Deep brain stimulation for essential tremor: A systematic review

Authors

  • Eliana Della Flora BMedPharmBiotech (Hons), GCPH,

    1. Australian Safety and Efficacy Register of New Interventional Procedures-Surgical (ASERNIP-S), Royal Australasian College of Surgeons, Stepney, South Australia, Australia
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  • Caryn L. Perera BA (Lib Info Mgt), Grad Cert EBP,

    1. Australian Safety and Efficacy Register of New Interventional Procedures-Surgical (ASERNIP-S), Royal Australasian College of Surgeons, Stepney, South Australia, Australia
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  • Alun L. Cameron BSc (Hons), PhD,

    1. Australian Safety and Efficacy Register of New Interventional Procedures-Surgical (ASERNIP-S), Royal Australasian College of Surgeons, Stepney, South Australia, Australia
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  • Guy J. Maddern FRACS, PhD

    Corresponding author
    1. Australian Safety and Efficacy Register of New Interventional Procedures-Surgical (ASERNIP-S), Royal Australasian College of Surgeons, Stepney, South Australia, Australia
    2. Discipline of Surgery, University of Adelaide, Adelaide, South Australia, Australia
    3. Department of Surgery, The Queen Elizabeth Hospital, Woodville, South Australia, Australia
    • Australian Safety and Efficacy Register of New Interventional Procedures-Surgical (ASERNIP-S), Royal Australasian College of Surgeons, PO Box 553, Stepney, South Australia, 5069, Australia
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    • Guy J. Maddern, as corresponding author, had full access to all the data in the study and had final responsibility for the decision to submit for publication.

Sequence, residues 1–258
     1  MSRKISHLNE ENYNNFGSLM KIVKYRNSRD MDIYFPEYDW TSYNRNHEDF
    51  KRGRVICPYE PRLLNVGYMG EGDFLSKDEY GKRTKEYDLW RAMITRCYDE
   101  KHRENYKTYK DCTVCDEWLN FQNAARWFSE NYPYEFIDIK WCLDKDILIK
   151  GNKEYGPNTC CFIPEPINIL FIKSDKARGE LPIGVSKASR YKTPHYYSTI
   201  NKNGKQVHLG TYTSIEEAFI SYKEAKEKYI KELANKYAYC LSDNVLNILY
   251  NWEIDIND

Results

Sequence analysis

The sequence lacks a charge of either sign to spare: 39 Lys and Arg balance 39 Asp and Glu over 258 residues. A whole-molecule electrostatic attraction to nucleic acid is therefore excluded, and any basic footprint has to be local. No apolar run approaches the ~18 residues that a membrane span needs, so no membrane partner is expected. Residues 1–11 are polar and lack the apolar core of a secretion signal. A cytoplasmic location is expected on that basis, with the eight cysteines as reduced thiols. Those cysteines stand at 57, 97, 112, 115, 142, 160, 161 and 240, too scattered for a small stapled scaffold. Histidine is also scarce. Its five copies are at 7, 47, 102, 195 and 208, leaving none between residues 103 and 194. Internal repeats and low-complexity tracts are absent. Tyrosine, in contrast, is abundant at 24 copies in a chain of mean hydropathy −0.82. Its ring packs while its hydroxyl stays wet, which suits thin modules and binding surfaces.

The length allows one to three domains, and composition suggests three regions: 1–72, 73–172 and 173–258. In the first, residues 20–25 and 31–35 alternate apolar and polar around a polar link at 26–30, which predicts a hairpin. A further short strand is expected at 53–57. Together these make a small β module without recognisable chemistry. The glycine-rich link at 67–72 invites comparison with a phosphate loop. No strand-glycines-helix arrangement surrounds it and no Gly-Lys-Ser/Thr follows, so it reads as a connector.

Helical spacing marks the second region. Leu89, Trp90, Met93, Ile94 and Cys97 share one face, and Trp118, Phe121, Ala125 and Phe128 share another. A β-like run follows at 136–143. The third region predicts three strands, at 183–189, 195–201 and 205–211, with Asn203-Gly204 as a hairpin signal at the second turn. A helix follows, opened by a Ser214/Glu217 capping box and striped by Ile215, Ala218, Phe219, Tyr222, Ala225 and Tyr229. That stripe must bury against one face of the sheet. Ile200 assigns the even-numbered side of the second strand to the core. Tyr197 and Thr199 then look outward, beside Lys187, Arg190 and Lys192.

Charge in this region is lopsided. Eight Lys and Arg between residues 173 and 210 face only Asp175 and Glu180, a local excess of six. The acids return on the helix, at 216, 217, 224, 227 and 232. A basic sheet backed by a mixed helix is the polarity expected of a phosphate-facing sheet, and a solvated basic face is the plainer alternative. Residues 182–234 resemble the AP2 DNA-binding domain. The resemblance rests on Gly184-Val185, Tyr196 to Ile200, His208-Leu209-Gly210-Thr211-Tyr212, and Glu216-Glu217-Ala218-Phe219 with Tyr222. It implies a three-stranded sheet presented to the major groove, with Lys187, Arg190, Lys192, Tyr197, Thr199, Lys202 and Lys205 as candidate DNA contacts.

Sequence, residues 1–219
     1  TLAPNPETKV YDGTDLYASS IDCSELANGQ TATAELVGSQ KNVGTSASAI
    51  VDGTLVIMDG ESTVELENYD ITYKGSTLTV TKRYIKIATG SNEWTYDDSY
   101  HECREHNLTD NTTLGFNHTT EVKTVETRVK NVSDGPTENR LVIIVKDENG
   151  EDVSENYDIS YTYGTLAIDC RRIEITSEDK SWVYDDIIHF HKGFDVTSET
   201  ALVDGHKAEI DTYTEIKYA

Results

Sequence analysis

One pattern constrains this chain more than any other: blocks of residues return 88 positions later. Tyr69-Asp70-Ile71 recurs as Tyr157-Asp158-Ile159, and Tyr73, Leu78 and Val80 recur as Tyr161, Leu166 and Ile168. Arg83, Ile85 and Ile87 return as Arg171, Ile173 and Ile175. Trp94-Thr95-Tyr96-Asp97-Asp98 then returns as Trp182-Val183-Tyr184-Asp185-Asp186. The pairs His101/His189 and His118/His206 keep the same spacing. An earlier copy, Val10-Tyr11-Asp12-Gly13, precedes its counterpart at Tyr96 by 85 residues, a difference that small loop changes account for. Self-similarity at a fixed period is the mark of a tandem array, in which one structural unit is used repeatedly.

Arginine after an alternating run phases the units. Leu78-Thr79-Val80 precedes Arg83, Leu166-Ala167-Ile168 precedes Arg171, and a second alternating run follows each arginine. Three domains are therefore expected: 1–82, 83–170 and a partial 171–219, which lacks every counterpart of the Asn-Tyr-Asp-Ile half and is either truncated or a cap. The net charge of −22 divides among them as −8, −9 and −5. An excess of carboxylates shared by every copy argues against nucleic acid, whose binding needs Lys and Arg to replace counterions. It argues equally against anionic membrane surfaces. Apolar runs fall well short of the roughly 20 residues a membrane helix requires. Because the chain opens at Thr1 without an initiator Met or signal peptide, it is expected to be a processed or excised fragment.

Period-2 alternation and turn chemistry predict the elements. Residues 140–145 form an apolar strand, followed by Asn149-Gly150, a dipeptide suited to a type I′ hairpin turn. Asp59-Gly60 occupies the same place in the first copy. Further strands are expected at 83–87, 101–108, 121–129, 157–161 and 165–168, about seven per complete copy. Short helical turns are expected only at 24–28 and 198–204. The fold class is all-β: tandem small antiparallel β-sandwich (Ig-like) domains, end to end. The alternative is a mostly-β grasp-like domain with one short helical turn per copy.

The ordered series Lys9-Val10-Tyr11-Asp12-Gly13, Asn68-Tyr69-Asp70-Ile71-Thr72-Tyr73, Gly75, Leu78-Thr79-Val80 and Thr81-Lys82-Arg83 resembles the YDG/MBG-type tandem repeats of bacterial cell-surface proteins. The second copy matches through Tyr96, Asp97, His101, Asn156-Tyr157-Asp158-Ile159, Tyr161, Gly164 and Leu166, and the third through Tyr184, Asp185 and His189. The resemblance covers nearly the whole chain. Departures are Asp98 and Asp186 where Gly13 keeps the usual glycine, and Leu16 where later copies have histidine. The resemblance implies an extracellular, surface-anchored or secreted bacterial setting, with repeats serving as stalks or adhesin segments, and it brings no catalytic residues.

• Potential conflict of interest: The authors report no conflicts of interest. The authors have no financial disclosures to make.

Abstract

Deep brain stimulation (DBS) is a neurosurgical treatment, which has proven useful in treating Parkinson's disease. This systematic review assessed the safety and effectiveness of DBS for another movement disorder, essential tremor. All studies concerning the use of DBS in patients with essential tremor were identified through searching of electronic databases and hand searching of reference lists. Studies were categorized as before/after DBS or DBS stimulation on/off to allow the effect of the stimulation to be analyzed separately to that of the surgery itself. A total of 430 patients who had received DBS for essential tremor were identified. Most of the reported adverse events were mild and could be treated through changing the stimulation settings. Generally, in all studies, there was a significant improvement in outcomes after DBS compared with baseline scores. In addition, DBS was significantly better in testing when the stimulation was turned on, compared with stimulation turned off or baseline. Based on Level IV evidence, DBS is possibly a safe and effective therapy for essential tremor. © 2010 Movement Disorders Society

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